Making the Nation Visible to Itself – Lecture in Paris, January 2019
APC research associate Cynthia Kros was invited to teach a class in January 2019 in a module for a master’s degree in museology by Dominique Guillaud, research director of the Institut de Recherche pour le Développement (IRD) and co-director of a heritage observatory run jointly by universities in the same neighbourhood cluster and the Natural History Museum, known as the Alliance Sorbonne Universités. The Master’s module bears the title: Approche Patrimoniales: Instruments et Contextes (A Heritage Approach: Instruments and Contexts).
The heritage observatory run by the Sorbonne alliance is generally referred to by its acronym OPUS (Observatoire des Patrimoines). It was founded in 2016 because of what seemed to be striking developments around heritage (patrimoine) in the wider world as well as the academy. The range of actors and the different ways in which heritage was adopted and employed for a myriad of purposes cried out for sustained attention. OPUS aims to provide a space in which heritage can be examined from many perspectives and inter-disciplinary work is able to flourish. The Observatory is committed to overcoming clivages (splits, or as we often remark in South Africa the ‘silos’) that generally divide the natural from the social sciences and perceptions of what constitutes material as opposed to immaterial heritage. The module for the Master’s course in question aims to help students understand processes of patrimonialisation and embraces pedagogies designed to facilitate critical analysis and theoretical debate.
Re-Reading the Act
Teaching a class in the Master’s module, which was on heritage policies and practices in South Africa required reading the 1999 Heritage Resources Act again while trying to anticipate what would make it intelligible for a French audience, and inevitably being compelled to revisit the period which gave birth to the Act, as far as it is possible to do after 20 tumultuous years. One of its features that was often remarked on by scholars at the time was the Act’s endorsement of a particular notion of equilibrium. If we thought of the country as a sort of ungainly ship – not at all like the splendid Titanic of James Cameron’s roughly contemporaneous 1997 movie except for its stark class divisions – then we might say that the decision made by the captains was not to heave large amounts of questionable cargo overboard when the ship started to founder, but to take on more ballast to settle it.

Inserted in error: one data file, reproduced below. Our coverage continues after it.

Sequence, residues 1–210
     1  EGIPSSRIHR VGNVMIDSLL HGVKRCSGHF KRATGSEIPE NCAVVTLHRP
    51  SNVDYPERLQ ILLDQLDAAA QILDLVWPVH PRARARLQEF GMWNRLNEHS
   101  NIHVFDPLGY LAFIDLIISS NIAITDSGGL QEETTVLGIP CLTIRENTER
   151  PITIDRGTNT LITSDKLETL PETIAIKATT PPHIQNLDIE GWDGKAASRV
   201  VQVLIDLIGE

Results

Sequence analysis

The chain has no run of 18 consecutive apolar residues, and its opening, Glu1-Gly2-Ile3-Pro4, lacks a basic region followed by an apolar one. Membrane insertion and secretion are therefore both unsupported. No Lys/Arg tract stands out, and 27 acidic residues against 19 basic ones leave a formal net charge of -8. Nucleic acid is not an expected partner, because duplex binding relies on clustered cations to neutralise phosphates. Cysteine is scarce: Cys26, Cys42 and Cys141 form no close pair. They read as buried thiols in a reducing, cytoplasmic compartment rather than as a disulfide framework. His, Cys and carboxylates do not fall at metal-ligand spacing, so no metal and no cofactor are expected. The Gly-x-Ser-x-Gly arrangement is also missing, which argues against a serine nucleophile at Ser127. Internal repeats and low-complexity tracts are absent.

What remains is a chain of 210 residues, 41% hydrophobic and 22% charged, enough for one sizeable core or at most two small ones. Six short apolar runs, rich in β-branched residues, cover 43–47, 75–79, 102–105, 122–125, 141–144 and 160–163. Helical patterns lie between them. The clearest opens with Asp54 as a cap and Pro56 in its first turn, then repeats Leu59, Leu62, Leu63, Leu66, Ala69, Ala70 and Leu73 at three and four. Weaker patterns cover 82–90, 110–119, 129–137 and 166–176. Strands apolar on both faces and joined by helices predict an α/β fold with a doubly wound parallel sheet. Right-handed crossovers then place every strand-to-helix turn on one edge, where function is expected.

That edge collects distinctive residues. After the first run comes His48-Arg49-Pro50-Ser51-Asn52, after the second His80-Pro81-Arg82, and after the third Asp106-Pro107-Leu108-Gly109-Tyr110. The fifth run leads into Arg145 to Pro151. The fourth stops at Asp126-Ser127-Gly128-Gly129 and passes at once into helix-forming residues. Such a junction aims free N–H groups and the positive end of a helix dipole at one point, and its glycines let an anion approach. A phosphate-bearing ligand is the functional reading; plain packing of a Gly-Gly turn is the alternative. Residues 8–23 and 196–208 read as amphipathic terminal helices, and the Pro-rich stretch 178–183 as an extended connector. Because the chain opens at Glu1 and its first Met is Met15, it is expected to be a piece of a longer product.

As it happens, in the author’s memory at least, the image of the Titanic was quite often invoked in the late 1980s and ‘90s in order to make the point about how close South Africa was to being involved in a fatal collision. It is important to recall this sense of impending catastrophe in order to understand what the Heritage Resources Act was trying to do and to appreciate how much work it was expected to accomplish. We might almost hear the sailor on the night watch in Cameron’s film desperately shouting to the skipper: ‘Turn! Turn!’ as he caught sight of the massive iceberg bearing down upon the ship.
The authors of the Heritage Resources Act applying themselves to their task of averting serious conflict (or even more serious conflict than was already present in the country then), visualised the heritage landscape as being weighed down by memorials that celebrated the achievements and creations of the colonial and apartheid periods and therefore predominantly of white men. Consonant with the stated objectives of the new government, the way to redress this situation was thought to be not to remove or destroy the heavy material presence of previous regimes, but to create commemorative artifacts and spaces and, under the influence of international heritage bodies and Australia’s Burra Charter, to find ways of recognising – giving weight to – what was called intangible or living heritage. The ‘recovery’ of the Archive was also considered significant in this connection.
Twenty years on